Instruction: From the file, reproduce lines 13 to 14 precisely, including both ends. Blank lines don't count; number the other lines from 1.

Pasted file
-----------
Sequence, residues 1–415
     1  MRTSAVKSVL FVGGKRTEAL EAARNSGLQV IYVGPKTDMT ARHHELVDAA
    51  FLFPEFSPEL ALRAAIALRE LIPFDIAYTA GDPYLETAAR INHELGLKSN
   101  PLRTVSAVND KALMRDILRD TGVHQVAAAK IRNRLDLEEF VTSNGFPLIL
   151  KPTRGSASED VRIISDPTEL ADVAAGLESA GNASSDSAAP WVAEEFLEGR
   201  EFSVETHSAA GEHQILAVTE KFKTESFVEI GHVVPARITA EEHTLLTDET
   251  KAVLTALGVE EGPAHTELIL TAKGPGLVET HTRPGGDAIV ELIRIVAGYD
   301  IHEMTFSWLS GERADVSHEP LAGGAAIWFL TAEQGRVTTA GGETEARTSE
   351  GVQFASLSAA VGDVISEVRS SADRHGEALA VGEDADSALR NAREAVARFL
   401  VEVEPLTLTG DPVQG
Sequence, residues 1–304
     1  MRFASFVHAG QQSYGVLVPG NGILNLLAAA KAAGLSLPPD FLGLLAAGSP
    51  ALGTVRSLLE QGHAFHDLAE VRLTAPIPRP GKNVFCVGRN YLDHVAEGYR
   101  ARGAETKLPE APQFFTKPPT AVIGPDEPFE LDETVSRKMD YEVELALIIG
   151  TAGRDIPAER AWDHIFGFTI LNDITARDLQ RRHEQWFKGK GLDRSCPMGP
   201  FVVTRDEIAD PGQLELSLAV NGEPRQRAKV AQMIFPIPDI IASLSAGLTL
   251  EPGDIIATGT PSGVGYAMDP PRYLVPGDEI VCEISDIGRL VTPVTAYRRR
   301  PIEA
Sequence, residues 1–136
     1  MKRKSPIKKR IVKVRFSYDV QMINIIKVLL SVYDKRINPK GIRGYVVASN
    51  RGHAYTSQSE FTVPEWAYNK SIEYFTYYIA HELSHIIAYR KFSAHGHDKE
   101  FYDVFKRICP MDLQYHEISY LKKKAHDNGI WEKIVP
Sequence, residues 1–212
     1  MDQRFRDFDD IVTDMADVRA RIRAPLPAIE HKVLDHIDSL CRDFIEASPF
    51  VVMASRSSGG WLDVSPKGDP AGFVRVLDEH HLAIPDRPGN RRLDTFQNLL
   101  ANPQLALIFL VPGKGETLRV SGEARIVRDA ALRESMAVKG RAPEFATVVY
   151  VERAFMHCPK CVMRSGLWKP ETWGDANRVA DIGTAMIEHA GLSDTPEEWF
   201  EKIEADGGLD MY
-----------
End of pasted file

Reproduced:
    51  ALGTVRSLLE QGHAFHDLAE VRLTAPIPRP GKNVFCVGRN YLDHVAEGYR
   101  ARGAETKLPE APQFFTKPPT AVIGPDEPFE LDETVSRKMD YEVELALIIG